Imagine that you are driving sedately along a narrow country lane with hedges on each side. It is so narrow that, should you meet someone coming the other way, it will be necessary for both cars to stop and find some manoeuvre that allows each car to continue on its journey. Now imagine that you round a bend in the road. As you emerge into a long, straight section, you see in the distance another car, and it is travelling at a speed that you consider inappropriate for the type of road you are on.
You assume that the other driver will see you and slow down, but unfortunately this doesn’t happen. Do you then assume that the other driver hasn’t seen you but will slow down once he has? Or do you assume that the driver of the rapidly approaching projectile is a dangerous lunatic, prompting you to start looking for a potential escape route, such as a gate you can crash through into an adjacent field? This is an imaginary scenario, but it does have a parallel in the arena of geopolitics.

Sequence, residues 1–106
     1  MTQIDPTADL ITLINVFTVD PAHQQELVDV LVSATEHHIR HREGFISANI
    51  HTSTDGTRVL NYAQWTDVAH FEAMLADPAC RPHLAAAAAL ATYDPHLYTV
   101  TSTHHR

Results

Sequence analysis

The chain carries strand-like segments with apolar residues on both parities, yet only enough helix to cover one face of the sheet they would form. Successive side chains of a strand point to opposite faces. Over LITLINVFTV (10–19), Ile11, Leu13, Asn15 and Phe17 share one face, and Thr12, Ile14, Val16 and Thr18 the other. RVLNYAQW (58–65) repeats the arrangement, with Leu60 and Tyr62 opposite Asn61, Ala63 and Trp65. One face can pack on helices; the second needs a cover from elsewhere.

The ‘dangerous lunatic’ is of course the Democratic People’s Republic of Korea, known to the world as North Korea. It is dangerous because it is unpredictable, and its policies are describable as lunatic because there is no rational expectation that these policies will result in any material benefit to the regime. However, one must assume a reason for recent belligerence, such as the sinking of the Cheonan and the shelling of the island of Yeonpyeong.
It is said that the stand-off on the Korean peninsula is a hangover from the Cold War, but this is only partially true. We need to go further back in history, to the period of Japanese modernization and expansion following the Meiji restoration in 1868. One target of this expansionism was the Korean peninsula, partly as a buffer against Russian designs in the region. The Russo-Japanese War of 1904–05 was fought out in Korea, Manchuria and the surrounding seas, and it ended with the utter defeat of Russia, much to the surprise of contemporary Western observers.
Following the war, in 1910, Japan arbitrarily annexed the now moribund Korean empire, which subsequently remained in Japanese hands until 1945. Japanese imperial expansion continued with the invasion of Manchuria, which became a puppet state under Japanese suzerainty, in 1931. And both states became crucial sources of raw materials for Japan during the Second World War.